City hall votes to kill the downtown Hamilton bus lane

City councillors voted 9-7 to kill the downtown bus lane.

City staff will spend about $100,000 to get rid of the transit lane

Bus lane advocates wore yellow and crowded the gallery of Wednesday's meeting. (Samantha Craggs/CBC)

Hamilton city council has voted to get rid of its controversial downtown bus lane.

With a Wednesday night council vote, city staff will spend about $100,000 to get rid of the transit lane, which runs from Mary to Dundurn Streets. 

It was a close vote, with councillors voting 9-7 to get rid of the lane. Coun. Chad Collins moved the motion.

City staff said Thursday morning the bus lane will still be in effect until city staff remove the signage above the lane. City staff are expected meet before the week is finished to formulate a plan to remove the signs and markings.

Coun. Matthew Green sets up pro-bus lane signs made by local children. (Samantha Craggs/CBC)

Coun. Aidan Johnson of Ward 1 tried unsuccessfully to save the lane, reintroducing a motion from last week to modify the lane with better signalling, and shifting part a portion of the lane. Better transit benefits the economy, he said, and Hamilton's growing number of seniors.

"With some reforms, it can be a way to travel that respects the rights of car users on our roads," he said.

Now we’re just doing stuff on the fly to keep whatever we can keep.- Coun. Scott Duvall

A staff information report last week also recommended keeping the lane with modifications. The lane added about five minutes to the stretch during afternoon rush hour, its report showed, and carried nearly as many people as the other two lanes. 

The majority of transit users and drivers liked it, the report said, as well as the 2015 Toronto Pan Am committee. The majority of businesses did not.

About 150 people packed into the council chamber galleries, many of them wearing yellow shirts and armbands to support the transit lane. Some were part of a new, as-yet-unnamed union of transit riders who will make their voices heard during transit votes. The group applauded those who spoke to keep the lane, and shouted lines such as "shame, shame!" Others shouted references to Coun. Lloyd Ferguson leasing four taxicab licence plates. 

I believe the money that was earmarked for Hamilton will end up in Mississauga because we’re imploding here this evening.- Coun. Sam Merulla

The city has used about $180,000 of a Metrolinx grant so far for the lane, which was a pilot project from October 2013 to October 2014. A municipal election on Oct. 27 delayed its scrutiny.

Coun. Scott Duvall of Ward 7 insisted that Hamilton should have transit lanes, but voted to get rid of this one.

"Right now we don’t have the buy in," he said. "Now we’re just doing stuff on the fly to keep whatever we can keep."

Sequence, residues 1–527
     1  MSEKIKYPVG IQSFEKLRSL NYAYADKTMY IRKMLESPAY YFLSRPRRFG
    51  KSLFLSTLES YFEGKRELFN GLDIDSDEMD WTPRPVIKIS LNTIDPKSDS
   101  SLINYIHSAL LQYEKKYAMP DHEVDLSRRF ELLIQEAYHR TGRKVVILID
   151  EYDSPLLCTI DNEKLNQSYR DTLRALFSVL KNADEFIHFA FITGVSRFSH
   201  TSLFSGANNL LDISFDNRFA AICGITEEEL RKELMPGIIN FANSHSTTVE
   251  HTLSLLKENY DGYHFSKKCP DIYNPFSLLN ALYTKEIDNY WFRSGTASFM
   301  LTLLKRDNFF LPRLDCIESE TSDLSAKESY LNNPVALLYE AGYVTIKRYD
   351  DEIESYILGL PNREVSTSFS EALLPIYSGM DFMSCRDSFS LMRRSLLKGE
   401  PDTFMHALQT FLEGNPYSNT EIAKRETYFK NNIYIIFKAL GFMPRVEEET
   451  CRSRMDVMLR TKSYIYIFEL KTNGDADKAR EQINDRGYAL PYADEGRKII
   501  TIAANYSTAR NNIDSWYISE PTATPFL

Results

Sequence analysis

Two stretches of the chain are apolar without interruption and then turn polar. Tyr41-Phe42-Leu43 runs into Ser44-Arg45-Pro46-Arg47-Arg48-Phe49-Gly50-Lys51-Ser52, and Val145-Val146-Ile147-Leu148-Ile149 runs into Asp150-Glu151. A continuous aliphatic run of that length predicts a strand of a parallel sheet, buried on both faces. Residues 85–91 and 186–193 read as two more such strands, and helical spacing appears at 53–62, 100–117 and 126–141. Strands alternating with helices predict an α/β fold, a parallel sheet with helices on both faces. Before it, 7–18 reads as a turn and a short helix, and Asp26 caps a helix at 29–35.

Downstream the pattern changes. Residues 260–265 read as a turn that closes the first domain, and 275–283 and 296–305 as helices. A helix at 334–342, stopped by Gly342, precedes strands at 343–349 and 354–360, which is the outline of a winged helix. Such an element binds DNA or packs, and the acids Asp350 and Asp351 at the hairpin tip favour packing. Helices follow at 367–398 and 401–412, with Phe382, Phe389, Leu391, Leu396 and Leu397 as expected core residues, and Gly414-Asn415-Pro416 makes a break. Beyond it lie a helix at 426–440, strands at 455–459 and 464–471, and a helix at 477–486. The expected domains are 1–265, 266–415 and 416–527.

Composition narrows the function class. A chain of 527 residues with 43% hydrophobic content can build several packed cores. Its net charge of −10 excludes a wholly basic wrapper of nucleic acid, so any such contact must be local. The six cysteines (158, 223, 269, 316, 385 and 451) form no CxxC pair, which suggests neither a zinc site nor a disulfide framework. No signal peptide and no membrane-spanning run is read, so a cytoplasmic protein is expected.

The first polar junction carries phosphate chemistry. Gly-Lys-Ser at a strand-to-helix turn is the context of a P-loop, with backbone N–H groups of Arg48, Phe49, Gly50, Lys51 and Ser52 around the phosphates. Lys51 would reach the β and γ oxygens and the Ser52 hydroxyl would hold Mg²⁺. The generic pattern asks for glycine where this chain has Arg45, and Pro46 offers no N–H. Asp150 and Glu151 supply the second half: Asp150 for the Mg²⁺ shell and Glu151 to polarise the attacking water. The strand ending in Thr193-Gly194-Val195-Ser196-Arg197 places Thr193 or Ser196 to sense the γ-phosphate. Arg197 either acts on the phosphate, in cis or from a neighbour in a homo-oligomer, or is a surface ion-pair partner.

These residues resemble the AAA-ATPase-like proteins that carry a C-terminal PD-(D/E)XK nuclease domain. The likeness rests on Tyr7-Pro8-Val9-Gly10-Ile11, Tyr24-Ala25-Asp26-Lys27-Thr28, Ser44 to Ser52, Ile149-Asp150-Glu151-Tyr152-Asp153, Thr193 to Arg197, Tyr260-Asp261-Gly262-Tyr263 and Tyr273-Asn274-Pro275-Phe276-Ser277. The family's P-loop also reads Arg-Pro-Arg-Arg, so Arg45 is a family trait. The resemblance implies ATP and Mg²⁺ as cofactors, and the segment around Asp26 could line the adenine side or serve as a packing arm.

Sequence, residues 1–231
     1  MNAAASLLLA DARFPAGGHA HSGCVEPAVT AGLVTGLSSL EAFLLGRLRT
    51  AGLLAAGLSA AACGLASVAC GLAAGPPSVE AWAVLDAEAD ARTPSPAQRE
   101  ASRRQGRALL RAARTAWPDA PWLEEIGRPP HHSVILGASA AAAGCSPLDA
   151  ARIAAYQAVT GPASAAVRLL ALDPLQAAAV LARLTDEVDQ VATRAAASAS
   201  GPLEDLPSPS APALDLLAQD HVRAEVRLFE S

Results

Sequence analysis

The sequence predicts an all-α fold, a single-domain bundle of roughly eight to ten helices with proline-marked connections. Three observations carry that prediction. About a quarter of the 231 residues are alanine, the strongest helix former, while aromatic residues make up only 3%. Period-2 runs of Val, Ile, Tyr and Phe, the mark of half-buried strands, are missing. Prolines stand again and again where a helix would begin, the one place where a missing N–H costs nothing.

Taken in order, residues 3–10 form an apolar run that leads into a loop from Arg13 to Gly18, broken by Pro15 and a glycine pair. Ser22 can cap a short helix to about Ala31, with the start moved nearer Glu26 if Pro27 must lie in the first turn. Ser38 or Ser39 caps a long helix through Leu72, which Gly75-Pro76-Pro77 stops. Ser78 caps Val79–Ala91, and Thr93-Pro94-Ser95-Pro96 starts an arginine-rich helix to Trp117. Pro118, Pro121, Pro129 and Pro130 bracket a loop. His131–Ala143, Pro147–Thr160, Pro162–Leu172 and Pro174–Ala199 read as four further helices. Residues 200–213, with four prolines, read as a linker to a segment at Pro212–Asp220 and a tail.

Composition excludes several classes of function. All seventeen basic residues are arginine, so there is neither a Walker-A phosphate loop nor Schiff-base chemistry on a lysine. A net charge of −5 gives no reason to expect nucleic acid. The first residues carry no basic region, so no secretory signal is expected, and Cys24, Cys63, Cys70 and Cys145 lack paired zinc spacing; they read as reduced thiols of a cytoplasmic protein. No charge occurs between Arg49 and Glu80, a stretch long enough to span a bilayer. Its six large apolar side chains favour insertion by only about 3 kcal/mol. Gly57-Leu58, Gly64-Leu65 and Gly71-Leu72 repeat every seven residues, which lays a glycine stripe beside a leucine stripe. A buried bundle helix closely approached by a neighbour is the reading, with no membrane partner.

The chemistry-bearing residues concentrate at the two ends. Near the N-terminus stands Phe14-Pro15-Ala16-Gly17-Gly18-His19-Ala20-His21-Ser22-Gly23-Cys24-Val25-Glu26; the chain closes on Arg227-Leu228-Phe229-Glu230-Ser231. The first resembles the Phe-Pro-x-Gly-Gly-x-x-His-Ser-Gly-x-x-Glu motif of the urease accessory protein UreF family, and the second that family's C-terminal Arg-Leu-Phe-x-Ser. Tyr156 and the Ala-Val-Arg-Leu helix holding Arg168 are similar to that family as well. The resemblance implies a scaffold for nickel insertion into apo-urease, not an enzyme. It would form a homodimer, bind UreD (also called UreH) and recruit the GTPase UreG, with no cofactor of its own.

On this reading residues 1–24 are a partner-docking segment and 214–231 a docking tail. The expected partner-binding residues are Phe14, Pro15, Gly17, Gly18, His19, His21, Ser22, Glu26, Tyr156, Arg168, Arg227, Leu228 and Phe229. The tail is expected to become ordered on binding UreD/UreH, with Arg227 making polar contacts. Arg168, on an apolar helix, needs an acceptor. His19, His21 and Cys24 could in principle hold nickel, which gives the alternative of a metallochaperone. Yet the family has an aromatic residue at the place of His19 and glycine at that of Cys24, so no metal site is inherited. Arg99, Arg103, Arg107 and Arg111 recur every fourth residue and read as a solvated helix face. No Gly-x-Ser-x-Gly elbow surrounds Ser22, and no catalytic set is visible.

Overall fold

Coun. Arlene VanderBeek of Dundas had concerns with the lane too.

"I don’t think it’s in the ideal location," she said. "I think it’s problematic."

"Maybe the place to try bus lane would have been Main Street, but we didn’t do that."

The transit lane was installed as a test project ahead of light rail transit, which would take up more than one dedicated lane along a 13-kilometre stretch between McMaster University and Eastgate Square. The city hopes to get $1 billion from the province for the capital costs of constructing LRT.

Coun. Sam Merulla doubts that will happen now.

It was a first step in the right direction. Now I see it’s taken a step back, and that concerns me.- Eric Tuck, president, Amalgamated Transit Union local 107

"I believe the money that was earmarked for Hamilton will end up in Mississauga because we’re imploding here this evening," he said.

The Amalgamated Transit Union local 107 supported the transit lane. President Eric Tuck said he's disappointed with the decision, but heartened that people cared so much.

"It was a first step in the right direction," he said of the lane. "Now I see it’s taken a step back, and that concerns me."

In order for drivers to drive in the lane again, the city must repeal the bylaw that makes it illegal. Staff will prepare that "as soon as possible," said Gerry Davis, head of public works. 

The city will also spend $100,000 in Metrolinx money to remove signs and repaint the street, Davis said. The repainting will have to wait for warmer weather, but crews will remove the signs soon. 

David Dixon, the city's new head of transit, says the removal of the transit lane isn't great for the city's bid for LRT, but it doesn't completely jeopardize it either.

The new union of transit users will meet soon to hammer out the details of the group, including its name, said Lindsay Godard, one of the organizers.

"The result was obviously disappointing," she said of Wednesday's vote. "But I’m not going to lose sight of the fact that we have a packed gallery today of people who are emotional about transit."

Who voted to dismantle the lane: Chad Collins (Ward 5), Tom Jackson (6), Scott Duvall (7), Terry Whitehead (8), Doug Conley (9), Lloyd Ferguson (12), Arlene VanderBeek (13), Robert Pasuta (14), Judi Partridge (15)

Who voted against: Aidan Johnson (1), Jason Farr (2), Matthew Green (3), Sam Merulla (4), Mayor Fred Eisenberger, Maria Pearson (10), Brenda Johnson (11)

Read reporter Samantha Craggs's tweets below for how the debate unfolded.


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